In a growing list of Bangladeshi companies seeking to invest abroad, Ananta Apparels Limited, a concern of Ananta Group, has sought Bangladesh Bank’s approval to take $8 million to Ethiopia to set up an apparel factory in the African country.
Ananta Apparels recently submitted its proposal with the central bank claiming that it initiated the move to set up the garment factory in Ethiopia to enjoy tax benefits there along with duty-free access to the United States of America.
It said that it would investment $8 million in Ethiopia from its own fund and if any additional fund was required it would be taken from other multinational financial institutions like International Finance Corporation.
Bangladesh Bank, however, has expressed its doubts that establishing apparel industry in Ethiopia would be viable.
The central bank officials said that they already forwarded the proposal of Ananta to the finance ministry as the government preserved the rights to give permission to such investment proposal.
A cabinet committee on economic affairs usually takes final decision on such proposal, said the BB officials, adding that the central bank in its observation expressed doubt about the viability of the investment proposal.
Ananta’s is the latest of such overseas investment proposals by local companies when Bangladesh itself is getting meagre foreign direct investment and the country’s unemployment rate still remains high because of quality job creation.
Seven companies have so far got government approval to invest abroad including the highest approval for $20 million to Akij Jute Mills, a concern of Akij Group, for procuring two Malaysian companies — Robin Resources Malaysia SDN BHD and its subsidiary Robina Flooring SDN BHD.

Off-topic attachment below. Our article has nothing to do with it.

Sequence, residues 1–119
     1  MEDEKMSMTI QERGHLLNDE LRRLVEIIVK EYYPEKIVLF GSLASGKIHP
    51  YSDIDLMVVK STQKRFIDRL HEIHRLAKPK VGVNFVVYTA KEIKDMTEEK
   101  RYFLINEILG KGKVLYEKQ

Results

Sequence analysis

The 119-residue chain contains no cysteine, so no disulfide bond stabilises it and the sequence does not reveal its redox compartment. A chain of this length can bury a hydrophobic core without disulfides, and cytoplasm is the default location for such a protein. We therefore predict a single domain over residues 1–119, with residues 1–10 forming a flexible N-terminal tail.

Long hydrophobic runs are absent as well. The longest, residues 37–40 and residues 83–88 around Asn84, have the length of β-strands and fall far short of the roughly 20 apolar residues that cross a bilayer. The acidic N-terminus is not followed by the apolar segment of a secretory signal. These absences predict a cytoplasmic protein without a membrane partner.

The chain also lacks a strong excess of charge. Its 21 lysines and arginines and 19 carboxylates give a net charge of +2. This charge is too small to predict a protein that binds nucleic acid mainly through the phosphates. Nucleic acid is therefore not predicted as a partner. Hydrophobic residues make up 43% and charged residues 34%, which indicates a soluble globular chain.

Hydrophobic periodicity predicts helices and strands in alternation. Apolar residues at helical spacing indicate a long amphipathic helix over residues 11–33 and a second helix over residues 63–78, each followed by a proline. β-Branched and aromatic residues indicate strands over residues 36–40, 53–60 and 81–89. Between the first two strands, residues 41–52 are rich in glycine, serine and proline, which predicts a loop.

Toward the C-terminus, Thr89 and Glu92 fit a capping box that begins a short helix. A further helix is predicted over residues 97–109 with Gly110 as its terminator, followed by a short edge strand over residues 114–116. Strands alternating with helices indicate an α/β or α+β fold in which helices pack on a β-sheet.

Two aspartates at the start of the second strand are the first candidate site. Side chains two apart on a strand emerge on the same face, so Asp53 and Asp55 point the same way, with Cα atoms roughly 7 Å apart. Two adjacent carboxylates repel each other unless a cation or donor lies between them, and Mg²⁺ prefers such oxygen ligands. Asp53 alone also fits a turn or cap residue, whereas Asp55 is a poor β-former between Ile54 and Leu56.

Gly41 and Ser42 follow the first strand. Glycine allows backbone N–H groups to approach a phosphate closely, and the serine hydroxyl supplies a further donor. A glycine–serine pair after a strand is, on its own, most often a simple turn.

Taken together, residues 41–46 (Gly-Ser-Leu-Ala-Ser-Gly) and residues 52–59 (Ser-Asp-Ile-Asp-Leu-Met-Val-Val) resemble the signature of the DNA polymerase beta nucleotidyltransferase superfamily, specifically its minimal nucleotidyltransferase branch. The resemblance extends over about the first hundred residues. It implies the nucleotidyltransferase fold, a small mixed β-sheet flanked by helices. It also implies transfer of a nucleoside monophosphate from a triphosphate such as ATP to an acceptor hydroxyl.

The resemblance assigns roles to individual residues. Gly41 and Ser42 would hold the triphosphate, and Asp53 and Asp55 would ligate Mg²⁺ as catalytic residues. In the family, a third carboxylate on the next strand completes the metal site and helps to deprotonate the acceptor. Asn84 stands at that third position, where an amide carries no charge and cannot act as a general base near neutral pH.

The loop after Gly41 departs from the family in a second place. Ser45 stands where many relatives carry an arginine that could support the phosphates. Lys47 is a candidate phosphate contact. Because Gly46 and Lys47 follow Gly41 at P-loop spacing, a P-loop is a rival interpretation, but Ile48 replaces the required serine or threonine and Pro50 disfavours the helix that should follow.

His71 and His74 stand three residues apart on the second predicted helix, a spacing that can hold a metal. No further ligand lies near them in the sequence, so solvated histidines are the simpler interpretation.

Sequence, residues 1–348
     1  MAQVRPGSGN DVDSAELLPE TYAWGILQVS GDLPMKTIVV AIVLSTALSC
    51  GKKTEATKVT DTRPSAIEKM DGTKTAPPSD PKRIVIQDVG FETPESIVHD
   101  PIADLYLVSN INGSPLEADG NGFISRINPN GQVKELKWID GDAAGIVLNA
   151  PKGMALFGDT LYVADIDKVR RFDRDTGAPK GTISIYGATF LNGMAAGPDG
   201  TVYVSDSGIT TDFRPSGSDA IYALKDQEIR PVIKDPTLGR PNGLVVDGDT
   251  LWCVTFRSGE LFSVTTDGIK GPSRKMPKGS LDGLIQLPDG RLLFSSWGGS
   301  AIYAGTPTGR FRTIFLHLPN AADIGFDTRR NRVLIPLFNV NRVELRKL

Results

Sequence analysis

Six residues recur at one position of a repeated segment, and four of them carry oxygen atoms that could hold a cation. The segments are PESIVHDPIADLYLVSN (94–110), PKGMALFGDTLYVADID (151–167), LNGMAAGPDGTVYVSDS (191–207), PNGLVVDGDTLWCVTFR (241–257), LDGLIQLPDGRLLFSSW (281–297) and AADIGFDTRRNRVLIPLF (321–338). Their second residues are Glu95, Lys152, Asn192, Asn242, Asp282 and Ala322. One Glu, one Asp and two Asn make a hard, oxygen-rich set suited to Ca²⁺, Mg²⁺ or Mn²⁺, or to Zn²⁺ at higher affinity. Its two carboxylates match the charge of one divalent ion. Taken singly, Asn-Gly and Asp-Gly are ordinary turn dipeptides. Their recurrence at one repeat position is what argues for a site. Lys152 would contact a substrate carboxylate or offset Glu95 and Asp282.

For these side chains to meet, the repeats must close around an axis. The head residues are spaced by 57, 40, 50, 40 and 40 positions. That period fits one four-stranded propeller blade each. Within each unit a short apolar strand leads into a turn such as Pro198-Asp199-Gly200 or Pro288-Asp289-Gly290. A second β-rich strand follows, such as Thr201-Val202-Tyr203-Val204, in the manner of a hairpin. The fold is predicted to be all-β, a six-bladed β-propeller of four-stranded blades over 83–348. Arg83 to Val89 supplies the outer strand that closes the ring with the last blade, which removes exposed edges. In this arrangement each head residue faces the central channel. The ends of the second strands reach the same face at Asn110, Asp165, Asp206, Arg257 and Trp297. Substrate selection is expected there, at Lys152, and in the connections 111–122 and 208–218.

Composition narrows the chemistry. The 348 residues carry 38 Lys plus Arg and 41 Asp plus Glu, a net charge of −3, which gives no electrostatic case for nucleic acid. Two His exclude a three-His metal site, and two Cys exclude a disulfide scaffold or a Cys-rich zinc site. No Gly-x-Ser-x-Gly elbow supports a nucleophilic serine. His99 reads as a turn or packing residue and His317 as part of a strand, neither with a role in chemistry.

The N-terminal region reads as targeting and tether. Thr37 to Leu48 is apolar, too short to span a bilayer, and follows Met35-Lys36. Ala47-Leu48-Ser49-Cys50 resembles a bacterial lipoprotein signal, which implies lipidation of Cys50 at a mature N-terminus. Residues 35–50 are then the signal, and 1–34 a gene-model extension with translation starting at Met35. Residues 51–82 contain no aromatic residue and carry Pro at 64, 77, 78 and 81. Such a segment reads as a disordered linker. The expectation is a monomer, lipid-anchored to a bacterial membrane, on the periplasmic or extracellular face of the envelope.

Of the rest six, three from the health sector, have invested $9.1 million in six countries between 2013 and March 2016.
The companies include ACI Healthcare, Incepta Pharmaceuticals, Square Pharmaceuticals, MJL Bangladesh and BSRM.
A top official of Ananta Group mentioned that availing duty benefit was the main reason behind its move to invest in Etiopia along with taking advantage of competitive labour force there. He said that Bangladeshi products would face high taxation when the country would be graduated to a developing nation, which was another reason for the company’s move.
Asked whether the country’s economy has the capacity to afford such investments, former caretaker government adviser AB Mirza Azizul Islam told New Age, ‘Considering increased intensity of illegal money laundering and infrastructural weaknesses in the country, the government may think about allowing investment proposal of few local companies to keep track on them.’
He, however, said that the government must scrutinise whether the investment would be profitable or not under the tax benefits along with other benefits available in Ethiopia.
Besides, profit repatriation timeframe should be taken into consideration in giving approval, Islam said.
Ananta Group managing director Sharif Zahir told New Age, ‘The company to established in Ethiopia will be under the local company.’
Unless companies like Ananta are allowed to invest abroad, it would not be possible for Bangladeshi companies to become global player, said Zahir, adding that they would repatriate profits to Bangladesh accordingly.
‘The initiative was taken following suggestion from the buyers of our products like GAP International, Dickies, Sears, Khols, Hagger, Ivory International and H&M for diversifying market risk,’ he said. Besides, low labour cost, long-term business opportunity and tax benefits available in the US market were the key reasons behind setting up plants there, he explained.
It also mentioned that around 200 staffers of the entity would be employed in the factory in Ethiopia.
Established in 1992, Ananta Apparels supply products to global banks like H&M, Zara, Gap, Levi’s and Marks & Spencer.
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